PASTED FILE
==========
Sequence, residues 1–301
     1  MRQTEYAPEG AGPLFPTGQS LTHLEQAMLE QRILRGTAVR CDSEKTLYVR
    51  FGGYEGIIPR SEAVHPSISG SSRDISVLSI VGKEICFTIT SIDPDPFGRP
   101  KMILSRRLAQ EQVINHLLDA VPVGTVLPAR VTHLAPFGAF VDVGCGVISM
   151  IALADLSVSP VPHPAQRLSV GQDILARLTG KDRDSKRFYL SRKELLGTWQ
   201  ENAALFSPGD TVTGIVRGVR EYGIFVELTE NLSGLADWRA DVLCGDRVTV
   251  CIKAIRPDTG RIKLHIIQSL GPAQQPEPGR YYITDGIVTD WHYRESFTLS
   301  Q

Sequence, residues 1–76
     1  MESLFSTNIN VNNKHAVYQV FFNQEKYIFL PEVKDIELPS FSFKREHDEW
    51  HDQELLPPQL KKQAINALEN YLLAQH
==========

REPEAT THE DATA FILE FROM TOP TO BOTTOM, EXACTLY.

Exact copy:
Sequence, residues 1–301
     1  MRQTEYAPEG AGPLFPTGQS LTHLEQAMLE QRILRGTAVR CDSEKTLYVR
    51  FGGYEGIIPR SEAVHPSISG SSRDISVLSI VGKEICFTIT SIDPDPFGRP
   101  KMILSRRLAQ EQVINHLLDA VPVGTVLPAR VTHLAPFGAF VDVGCGVISM
   151  IALADLSVSP VPHPAQRLSV GQDILARLTG KDRDSKRFYL SRKELLGTWQ
   201  ENAALFSPGD TVTGIVRGVR EYGIFVELTE NLSGLADWRA DVLCGDRVTV
   251  CIKAIRPDTG RIKLHIIQSL GPAQQPEPGR YYITDGIVTD WHYRESFTLS
   301  Q

Sequence, residues 1–76
     1  MESLFSTNIN VNNKHAVYQV FFNQEKYIFL PEVKDIELPS FSFKREHDEW
    51  HDQELLPPQL KKQAINALEN YLLAQH